It\'s sad to see girls drop out of school because of menstruation or physical condition, \"she said.
\"The reason I\'m engaged in high-performance sports is not the gold medal hanging around someone\'s neck, and for me it has to be about bigger pictures and inspiring countries.
\"While most of the research is cutting-edge, sometimes getting a performance boost can be as simple as wearing the right bra.
Ross explained that although all the data from the workshop had not been sorted out yet, she estimated that 80 participants felt that their sports bras had a negative impact on their training and performance.
This can include everything from breathing to exercise.
Ross said: \"When you do high impact work, the kind of pressure on the breast can have a big impact on performance.
It is very important for athletes to understand this, and poor breast support will affect not only pain or bounce, but also movement, your mechanics, the energy you are consuming, it makes it easier for you to get hurt.
\"Female inventors are also using their own experiences to create innovations that help women participate in sports. English-
Amy Jaffer was born and now lives in Queensland and when she was a teenager, she experienced embarrassment when she noticed her breasts beating while playing tennis.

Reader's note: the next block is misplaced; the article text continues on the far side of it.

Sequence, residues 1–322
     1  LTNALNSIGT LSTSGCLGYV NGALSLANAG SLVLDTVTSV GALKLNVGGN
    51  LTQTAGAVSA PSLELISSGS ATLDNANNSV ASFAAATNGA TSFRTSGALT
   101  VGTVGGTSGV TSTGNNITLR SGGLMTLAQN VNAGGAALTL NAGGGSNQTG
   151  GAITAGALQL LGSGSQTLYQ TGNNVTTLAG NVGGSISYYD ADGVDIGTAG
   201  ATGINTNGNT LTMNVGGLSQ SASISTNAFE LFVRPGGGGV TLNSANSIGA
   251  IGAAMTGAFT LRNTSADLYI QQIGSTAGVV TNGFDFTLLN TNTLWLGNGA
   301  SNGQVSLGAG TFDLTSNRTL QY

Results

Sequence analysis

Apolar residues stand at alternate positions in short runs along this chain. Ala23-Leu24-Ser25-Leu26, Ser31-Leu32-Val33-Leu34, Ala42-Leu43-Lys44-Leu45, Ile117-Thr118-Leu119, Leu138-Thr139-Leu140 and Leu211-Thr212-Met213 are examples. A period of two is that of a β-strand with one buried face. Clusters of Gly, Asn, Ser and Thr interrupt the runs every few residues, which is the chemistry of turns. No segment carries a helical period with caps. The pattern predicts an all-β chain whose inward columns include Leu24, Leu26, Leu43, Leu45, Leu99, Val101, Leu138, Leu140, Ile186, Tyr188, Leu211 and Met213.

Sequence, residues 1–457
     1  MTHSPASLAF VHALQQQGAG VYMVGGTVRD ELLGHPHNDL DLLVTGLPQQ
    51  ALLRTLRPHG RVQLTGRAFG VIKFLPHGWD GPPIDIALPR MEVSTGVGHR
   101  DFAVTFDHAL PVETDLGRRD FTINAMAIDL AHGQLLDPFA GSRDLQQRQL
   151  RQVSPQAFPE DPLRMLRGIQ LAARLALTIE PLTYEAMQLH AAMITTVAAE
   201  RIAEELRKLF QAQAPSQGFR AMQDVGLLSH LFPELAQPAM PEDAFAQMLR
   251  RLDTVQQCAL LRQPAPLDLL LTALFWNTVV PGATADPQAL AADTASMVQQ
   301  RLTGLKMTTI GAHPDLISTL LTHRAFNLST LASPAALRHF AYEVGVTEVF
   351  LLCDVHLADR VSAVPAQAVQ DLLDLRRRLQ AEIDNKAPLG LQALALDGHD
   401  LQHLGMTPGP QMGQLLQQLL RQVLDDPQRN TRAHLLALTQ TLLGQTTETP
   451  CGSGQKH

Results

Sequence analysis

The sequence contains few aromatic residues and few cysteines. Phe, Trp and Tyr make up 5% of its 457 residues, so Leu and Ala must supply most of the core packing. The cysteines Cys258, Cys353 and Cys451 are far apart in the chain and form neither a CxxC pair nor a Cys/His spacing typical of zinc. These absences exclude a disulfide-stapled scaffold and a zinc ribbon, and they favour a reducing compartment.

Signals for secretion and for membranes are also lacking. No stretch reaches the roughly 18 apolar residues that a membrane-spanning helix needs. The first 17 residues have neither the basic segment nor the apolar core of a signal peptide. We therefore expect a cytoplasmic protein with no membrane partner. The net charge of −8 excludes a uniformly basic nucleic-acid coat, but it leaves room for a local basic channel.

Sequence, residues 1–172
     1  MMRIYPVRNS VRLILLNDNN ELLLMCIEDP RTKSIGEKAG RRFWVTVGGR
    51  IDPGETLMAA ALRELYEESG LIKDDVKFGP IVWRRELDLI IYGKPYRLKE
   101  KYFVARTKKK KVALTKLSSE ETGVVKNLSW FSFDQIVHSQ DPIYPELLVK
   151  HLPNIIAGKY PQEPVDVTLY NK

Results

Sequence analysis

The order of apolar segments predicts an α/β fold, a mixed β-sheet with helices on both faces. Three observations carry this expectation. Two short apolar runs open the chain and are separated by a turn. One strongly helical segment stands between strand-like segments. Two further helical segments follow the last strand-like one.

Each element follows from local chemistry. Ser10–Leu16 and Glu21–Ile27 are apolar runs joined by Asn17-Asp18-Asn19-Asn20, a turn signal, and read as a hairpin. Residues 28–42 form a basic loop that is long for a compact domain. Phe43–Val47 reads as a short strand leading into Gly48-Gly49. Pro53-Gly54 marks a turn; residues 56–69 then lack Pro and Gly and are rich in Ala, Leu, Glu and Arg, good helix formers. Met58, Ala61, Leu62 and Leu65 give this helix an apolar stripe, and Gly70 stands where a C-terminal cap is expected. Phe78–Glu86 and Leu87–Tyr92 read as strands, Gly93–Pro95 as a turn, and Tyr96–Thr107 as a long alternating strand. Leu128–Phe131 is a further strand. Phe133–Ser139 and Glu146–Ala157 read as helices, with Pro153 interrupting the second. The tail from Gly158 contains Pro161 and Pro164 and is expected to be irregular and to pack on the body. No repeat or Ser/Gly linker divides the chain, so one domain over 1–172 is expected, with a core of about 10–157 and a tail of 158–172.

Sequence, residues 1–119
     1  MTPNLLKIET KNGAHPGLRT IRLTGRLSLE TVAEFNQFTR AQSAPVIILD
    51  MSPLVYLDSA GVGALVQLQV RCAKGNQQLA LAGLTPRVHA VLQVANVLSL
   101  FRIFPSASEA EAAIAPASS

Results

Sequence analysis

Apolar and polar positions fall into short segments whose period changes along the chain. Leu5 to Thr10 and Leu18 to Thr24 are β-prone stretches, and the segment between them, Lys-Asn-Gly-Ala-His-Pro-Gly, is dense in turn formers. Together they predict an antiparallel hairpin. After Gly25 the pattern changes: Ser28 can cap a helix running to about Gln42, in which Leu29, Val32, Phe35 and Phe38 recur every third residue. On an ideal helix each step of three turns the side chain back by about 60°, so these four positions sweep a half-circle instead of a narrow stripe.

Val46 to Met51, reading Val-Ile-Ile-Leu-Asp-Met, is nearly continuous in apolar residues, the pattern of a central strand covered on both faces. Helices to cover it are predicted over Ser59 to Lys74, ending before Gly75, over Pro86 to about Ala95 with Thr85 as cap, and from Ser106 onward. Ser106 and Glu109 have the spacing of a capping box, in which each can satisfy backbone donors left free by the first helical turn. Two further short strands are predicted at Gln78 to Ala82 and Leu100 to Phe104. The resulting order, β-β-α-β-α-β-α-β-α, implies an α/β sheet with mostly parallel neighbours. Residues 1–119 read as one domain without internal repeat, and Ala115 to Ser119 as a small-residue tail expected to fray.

This led her to develop a chest strap, a product that can be worn on a bra or sports bra.
\"My invention was the result of my personal efforts to try to get active with a bigger chest without finding anything comfortable,\" she said . \".
\"I find it difficult to stop this upward bounce even with a sports bra, as the sports bra supports you more below and around.
\"The idea comes from the surgical compression band used after breast augmentation surgery.
They also play a similar role in adding extra compression to the top, but they are generally not fashionable and are not suitable for continuous use.
My idea is to expand this range, but not just for post-surgery use, but also for everyday sports needs.
Ross believes that these developments are just the beginning, and the workshop ends with a section on studying a bright and bold future.
\"Although we don\'t have a lot of research in this area, we summarize the future of athletes.
Studies that do exist suggest that these powerful hormones do fluctuate within a month, \"she said.
\"Not only do they cause our symptoms, they also have a very strong effect on how our muscles accumulate or break down, how our joints become more and more resilient, and how to get hurt.
\"Once we get more evidence about all of this, wouldn\'t it be great, as female athletes, if we can adapt to your physiology?
It may be more effective if I attend the training in two days.
If I avoid changing direction quickly on that day and do so two days later or before, may I reduce the risk of injury?
\"As a professional, it\'s really exciting to have the opportunity to take advantage of your cycle and not always talk about shortcomings.
This is our vision for every female athlete to understand their cycle and body.